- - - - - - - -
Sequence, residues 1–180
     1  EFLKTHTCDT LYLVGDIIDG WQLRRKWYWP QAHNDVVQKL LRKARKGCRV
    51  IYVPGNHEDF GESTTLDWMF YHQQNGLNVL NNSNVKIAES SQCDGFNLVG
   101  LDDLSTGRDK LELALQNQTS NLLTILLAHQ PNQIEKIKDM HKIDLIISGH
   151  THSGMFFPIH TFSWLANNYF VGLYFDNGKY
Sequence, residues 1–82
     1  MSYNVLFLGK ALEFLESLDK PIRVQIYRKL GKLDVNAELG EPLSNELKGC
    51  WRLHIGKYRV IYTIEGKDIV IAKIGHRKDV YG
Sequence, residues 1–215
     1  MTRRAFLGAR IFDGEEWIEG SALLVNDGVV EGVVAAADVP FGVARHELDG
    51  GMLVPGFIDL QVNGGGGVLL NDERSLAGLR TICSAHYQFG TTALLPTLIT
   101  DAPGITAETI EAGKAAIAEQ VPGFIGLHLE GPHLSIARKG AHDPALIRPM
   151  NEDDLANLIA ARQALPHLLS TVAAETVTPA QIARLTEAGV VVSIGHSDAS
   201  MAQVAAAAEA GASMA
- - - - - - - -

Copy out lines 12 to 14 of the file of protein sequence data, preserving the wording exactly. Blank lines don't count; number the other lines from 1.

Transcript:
   101  DAPGITAETI EAGKAAIAEQ VPGFIGLHLE GPHLSIARKG AHDPALIRPM
   151  NEDDLANLIA ARQALPHLLS TVAAETVTPA QIARLTEAGV VVSIGHSDAS
   201  MAQVAAAAEA GASMA